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SEC Media Days showed a conference with something to prove

Alabama NCAA college football coach Nick Saban speaks during the Southeastern Conference's annual media gathering, Wednesday, July 12, 2017, in Hoover, Ala. (AP Photo/Butch Dill)
Butch Dill/AP photo

If there was a common theme at SEC Media Days, it’s that most of the attendees think they have something to prove.

It’s an odd place for the conference to be, but the golden age of the late 2000s and early 2010s wasn’t going to last forever. A downswing never feels good, and the doubt that comes with one is bothering coaches and players around the league.

Bret Bielema, a few days after his wife had their first child, and Ed Orgeron, who still seems to be on a high just from having the LSU job, were fairly even in their comments. Will Muschamp — who began by playfully needling a sportswriter who covered him while he was at Florida and also Kirby Smart — is playing with so much house money after making a bowl last year that he was visibly loose and happy. The rest had a palpable edge to them.

  • Nick Saban said “I don’t want to waste a failure” in response a question about not winning a national title last year. If not winning it all counts as a failure, it should tell you something about his mindset for this year.
  • Gus Malzahn invoked his 2013 team that won the SEC and made the national championship game when describing this year’s squad. Making comparisons to past title-winning teams is something coaches never want to do unless they think they can match up to their heights.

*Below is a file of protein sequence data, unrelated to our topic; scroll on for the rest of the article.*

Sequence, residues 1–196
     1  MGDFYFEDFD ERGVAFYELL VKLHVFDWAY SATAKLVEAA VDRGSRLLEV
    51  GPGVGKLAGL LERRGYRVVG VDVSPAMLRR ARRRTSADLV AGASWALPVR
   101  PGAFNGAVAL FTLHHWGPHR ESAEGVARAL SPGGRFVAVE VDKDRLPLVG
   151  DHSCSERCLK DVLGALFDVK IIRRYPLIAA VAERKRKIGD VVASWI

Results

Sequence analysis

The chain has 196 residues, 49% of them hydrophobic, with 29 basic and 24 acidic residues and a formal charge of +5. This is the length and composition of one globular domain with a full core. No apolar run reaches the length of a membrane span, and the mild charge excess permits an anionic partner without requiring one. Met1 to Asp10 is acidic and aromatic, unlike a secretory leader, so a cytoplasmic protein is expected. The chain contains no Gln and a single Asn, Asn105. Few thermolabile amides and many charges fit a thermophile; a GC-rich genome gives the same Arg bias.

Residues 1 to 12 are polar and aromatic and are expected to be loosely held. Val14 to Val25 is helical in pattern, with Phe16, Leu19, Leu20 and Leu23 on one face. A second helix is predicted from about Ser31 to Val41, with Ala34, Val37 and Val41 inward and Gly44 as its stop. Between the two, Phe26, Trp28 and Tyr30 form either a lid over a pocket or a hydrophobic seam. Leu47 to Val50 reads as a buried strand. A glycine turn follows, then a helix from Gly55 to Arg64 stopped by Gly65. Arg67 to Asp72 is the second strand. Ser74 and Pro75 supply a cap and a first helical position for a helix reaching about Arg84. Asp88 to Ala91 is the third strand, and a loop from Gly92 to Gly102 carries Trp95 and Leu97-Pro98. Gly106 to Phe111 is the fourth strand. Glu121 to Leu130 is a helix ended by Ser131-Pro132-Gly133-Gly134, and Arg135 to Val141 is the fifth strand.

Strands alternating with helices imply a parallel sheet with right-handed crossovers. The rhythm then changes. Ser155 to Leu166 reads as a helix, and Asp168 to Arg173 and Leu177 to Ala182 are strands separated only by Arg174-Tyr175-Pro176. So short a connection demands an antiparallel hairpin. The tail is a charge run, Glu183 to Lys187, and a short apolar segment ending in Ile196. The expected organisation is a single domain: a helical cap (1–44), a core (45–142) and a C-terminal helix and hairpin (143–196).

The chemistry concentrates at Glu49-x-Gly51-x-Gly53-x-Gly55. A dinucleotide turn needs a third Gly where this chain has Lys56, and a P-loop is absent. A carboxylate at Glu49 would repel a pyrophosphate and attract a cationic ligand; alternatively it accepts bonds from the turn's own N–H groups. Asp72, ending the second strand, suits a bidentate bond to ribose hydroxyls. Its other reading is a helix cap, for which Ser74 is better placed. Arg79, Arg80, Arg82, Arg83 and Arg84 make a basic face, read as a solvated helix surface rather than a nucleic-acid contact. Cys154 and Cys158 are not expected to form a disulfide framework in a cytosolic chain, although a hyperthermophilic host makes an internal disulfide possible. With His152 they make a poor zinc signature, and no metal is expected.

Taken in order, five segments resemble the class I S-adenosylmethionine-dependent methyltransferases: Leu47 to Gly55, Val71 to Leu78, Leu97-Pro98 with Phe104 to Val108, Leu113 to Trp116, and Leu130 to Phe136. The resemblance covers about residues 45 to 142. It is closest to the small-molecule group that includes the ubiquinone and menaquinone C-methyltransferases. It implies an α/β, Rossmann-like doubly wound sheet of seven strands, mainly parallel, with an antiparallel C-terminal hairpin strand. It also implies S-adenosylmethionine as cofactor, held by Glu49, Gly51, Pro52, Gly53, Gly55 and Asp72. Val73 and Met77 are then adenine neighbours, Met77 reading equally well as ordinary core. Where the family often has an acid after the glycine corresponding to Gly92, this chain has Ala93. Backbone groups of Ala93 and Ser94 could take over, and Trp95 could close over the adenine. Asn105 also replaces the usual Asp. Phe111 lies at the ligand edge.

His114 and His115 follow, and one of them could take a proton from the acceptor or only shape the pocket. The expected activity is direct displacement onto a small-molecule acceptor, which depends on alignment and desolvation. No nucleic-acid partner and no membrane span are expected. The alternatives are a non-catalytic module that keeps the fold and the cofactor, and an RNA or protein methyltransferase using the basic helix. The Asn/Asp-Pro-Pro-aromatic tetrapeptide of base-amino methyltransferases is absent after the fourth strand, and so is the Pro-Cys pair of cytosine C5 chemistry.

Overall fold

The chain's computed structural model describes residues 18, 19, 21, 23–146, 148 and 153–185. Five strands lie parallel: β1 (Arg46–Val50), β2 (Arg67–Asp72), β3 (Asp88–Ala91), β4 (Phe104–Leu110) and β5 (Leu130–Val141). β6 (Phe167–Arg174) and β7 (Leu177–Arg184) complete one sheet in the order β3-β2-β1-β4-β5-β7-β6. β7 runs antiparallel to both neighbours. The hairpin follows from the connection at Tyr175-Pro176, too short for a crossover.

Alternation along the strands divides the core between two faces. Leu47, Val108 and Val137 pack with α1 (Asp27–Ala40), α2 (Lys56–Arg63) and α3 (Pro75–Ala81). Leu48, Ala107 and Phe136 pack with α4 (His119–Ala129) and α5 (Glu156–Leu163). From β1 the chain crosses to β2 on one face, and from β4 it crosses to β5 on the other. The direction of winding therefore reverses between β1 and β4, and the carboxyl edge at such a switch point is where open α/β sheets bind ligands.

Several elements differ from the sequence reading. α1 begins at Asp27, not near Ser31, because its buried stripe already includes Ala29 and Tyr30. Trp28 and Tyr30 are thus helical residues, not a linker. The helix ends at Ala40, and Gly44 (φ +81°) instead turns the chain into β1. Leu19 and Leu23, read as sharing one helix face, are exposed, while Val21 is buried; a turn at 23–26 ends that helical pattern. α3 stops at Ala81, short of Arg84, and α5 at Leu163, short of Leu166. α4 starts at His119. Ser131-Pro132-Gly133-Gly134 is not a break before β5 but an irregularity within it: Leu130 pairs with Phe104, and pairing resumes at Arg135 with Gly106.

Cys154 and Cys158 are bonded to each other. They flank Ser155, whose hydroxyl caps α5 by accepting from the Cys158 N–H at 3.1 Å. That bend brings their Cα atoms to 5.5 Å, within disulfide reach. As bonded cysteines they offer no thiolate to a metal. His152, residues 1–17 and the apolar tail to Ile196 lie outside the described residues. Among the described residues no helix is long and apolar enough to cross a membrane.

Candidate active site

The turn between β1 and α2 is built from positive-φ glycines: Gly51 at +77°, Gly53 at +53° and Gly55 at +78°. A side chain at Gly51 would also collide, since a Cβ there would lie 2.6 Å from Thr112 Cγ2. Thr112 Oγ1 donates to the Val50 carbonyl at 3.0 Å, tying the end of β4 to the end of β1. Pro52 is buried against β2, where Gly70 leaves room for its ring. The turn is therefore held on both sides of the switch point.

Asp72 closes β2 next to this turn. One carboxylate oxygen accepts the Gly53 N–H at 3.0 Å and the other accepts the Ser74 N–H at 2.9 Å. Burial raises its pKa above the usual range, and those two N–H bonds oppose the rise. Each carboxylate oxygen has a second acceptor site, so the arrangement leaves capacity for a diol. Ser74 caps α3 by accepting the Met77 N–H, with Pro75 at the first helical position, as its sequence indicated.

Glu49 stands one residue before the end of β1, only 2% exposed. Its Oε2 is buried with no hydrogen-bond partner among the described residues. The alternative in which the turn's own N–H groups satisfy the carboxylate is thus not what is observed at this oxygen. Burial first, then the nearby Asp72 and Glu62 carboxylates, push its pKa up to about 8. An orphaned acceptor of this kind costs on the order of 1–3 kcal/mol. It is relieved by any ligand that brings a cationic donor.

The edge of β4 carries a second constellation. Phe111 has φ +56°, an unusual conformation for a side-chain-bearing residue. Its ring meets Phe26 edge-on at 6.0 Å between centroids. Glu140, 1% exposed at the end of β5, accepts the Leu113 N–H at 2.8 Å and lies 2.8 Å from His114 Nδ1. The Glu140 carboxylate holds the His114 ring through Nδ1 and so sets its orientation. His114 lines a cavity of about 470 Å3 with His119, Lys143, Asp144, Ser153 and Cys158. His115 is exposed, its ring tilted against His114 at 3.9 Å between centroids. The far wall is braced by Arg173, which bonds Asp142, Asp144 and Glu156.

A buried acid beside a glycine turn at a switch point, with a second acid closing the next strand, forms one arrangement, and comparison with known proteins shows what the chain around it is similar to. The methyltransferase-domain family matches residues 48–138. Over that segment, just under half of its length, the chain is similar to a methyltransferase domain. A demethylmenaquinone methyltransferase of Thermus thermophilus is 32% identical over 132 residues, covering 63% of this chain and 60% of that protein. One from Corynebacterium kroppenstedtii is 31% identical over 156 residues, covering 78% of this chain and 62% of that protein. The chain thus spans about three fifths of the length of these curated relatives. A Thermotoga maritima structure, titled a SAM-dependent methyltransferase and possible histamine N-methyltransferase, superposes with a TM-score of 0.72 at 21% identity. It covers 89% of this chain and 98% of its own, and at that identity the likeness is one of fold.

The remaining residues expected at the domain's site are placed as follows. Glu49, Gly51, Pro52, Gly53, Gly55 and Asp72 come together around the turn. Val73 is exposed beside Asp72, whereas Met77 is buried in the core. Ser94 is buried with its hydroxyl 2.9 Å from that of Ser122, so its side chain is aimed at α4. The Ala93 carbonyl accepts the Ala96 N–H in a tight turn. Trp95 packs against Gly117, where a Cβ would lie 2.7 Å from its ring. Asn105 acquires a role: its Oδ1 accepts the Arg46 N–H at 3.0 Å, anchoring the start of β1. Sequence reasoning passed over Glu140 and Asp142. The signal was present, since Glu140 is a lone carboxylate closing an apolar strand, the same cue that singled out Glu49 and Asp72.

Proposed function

• Florida offensive tackle Martez Ivey said his team is motivated by not being the favorite in the division. Teammates Duke Dawson and Marcell Harris echoed the feelings of disrespect.
  • Kirby Smart, whose Georgia Bulldogs are the East favorite, closed his opening statement by saying, “the expectation is to win championships. That’s what we expect to do at the University of Georgia, and that’s the standard we’ll be held to.”
  • Coming off of his first bowl appearance, Kentucky’s Mark Stoops said his team has improved with consistency and attention to detail. Because of that fact, his Wildcats are “ready to take it to the next level.”
  • Hugh Freeze, who clearly didn’t want to be there, took up nearly half of his time with his opening statement and declined to talk about his NCAA woes or Houston Nutt’s lawsuit against Ole Miss. He did assert, however, that facing the Committee on Infractions could be his staff’s “finest hour” and spoke about how he is shaping what he wants his legacy to be 20 to 30 years down the road. He might have been the only person in the building expecting himself to be back the following year.
  • Dan Mullen repeated that he has goals at Mississippi State that he hasn’t accomplished yet, namely a conference and national championship. Merely winning the most games in an eight-year period in school history, as the questioner brought up, isn’t enough for him.